what makes a school?

IMG_4099I have been thinking a lot about schools these past few weeks. Schools my kids attend, schools in other places, a design competition for a mongolian school. What is it that makes it possible for kids to learn? A recent design competition invited architects to think about these things for a school in northwestern Mongolia, here is what they came up with: cool school.

Schools serve many purposes, but socialisation and learning are probably the top two. In middle class societies, school also serves as daytime childcare. But let’s go back to the main ones – learning how to do things, learning facts, and learning how to get along. And maybe we should add learning how to follow instructions and how to sit still – which might be training for being good future employees but it also allows for the development of focus and patience and consideration of other people.
So when designing a school, how much does the building bring to the learning? How much should the environment be familiar, and how much should it challenge children with the new? And, since I live in a place where cutbacks are more common than vision, what can the school budget bear?

The modernist architects argued for neutral public spaces, for buildings like bright blank slates to be occupied and animated by the people inside. It seems to me that this kind of neutrality is most successful where equal rights and opportunities for all are put into action on a daily basis. Schools also demand we consider the question of scale in a school building built for children and their adult teachers. All the users aren’t even the same size! Modernist buildings tend to also supply flexible space, endlessly reuseable and adaptable to the evolving needs of teachers and buildings and changeable school populations. In the current situation in my hometown, where a demographic boom is putting enormous pressure on dense urban neighbourhoods, the flexibility of the school spaces seems paramount. And difficult. Should spaces be changeable, with moveable parts? Or will this take away from important performance aspects like durability and acoustic privacy? Or will schools simply expand and contract over time, taking over space in adjacent buildings until those, like the old schools from 100 years ago, are converted into housing coops and office space? Will we live with classrooms in trailers, maybe making the experience more pleasant and educational by designing better trailers?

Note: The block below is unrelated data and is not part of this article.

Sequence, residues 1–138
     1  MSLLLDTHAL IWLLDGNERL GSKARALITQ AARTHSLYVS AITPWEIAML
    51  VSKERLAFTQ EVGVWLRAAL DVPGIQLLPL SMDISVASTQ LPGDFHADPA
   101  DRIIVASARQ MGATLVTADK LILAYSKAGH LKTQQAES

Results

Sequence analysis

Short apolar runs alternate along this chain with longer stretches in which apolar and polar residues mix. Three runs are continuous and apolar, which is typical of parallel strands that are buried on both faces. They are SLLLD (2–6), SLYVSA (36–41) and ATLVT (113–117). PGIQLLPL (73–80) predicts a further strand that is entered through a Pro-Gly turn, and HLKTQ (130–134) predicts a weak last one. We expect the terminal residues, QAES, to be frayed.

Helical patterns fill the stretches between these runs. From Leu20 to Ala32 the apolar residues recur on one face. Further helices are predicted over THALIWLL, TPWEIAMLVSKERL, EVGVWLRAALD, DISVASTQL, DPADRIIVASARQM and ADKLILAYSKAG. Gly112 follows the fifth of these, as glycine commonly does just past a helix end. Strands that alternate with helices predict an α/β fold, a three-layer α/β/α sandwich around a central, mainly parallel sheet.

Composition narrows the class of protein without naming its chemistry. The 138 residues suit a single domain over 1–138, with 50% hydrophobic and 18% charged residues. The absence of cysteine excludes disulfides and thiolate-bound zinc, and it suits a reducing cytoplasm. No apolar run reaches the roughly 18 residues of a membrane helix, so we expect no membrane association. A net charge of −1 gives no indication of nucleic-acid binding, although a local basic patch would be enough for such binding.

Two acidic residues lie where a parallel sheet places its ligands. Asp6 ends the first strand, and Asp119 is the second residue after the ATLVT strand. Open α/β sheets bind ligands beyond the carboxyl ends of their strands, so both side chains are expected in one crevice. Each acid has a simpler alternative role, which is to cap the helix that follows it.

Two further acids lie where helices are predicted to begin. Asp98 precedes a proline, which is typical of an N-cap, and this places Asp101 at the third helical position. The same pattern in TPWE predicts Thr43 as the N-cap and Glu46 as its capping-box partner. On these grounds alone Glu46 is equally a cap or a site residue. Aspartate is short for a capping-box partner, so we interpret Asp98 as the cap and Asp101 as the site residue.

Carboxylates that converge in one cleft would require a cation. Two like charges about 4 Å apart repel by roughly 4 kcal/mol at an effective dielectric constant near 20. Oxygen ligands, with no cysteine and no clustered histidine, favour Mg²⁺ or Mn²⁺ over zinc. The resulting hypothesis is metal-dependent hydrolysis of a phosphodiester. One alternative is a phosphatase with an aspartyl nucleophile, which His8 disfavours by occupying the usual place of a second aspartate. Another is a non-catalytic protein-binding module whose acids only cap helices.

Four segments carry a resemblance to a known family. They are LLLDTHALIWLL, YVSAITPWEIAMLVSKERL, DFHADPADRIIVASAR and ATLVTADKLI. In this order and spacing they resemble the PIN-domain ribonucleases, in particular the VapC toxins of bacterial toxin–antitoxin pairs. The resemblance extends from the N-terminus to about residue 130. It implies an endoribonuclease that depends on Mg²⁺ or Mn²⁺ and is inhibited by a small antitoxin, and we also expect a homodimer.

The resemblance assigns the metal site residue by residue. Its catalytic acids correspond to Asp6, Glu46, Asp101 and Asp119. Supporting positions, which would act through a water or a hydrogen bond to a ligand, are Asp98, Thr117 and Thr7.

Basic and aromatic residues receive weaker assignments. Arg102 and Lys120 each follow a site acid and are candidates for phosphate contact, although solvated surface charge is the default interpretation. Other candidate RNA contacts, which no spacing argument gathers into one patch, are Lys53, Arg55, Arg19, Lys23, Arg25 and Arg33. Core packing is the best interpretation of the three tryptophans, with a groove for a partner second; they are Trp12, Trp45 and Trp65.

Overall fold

In North America, we rarely get our hands dirty with collective construction projects like the barn-raisings of the past. Perhaps this needs to change too – including some flexibility in the legislation that severely restricts non-residential construction by people other than professionalized construction workers. In the meantime, solutions to the issue of school space and flexibility revolves largely around budgets and politics rather than problem-solving and design.

There are a few visionary places where pedagogy and a rethinking of the place of schools in our communities has lead to innovative school projects. These include school greening initiatives (global coalition for green schools), project-based learning areas with flexible furnishings, and areas which bring the community inside the school, making it a ‘third place’ to hang out and rub up against learning (which in turn reinforces the importance of the learning itself). Most often, these focus on transforming the school into a “third place” for its students (schools learning from innovative office space ). It seems to me that if we expand the conversation about the way schools should be in our neighbourhoods, visionary and flexible buildings may just emerge. People can be brave. The question is whether governments and school boards can be too.

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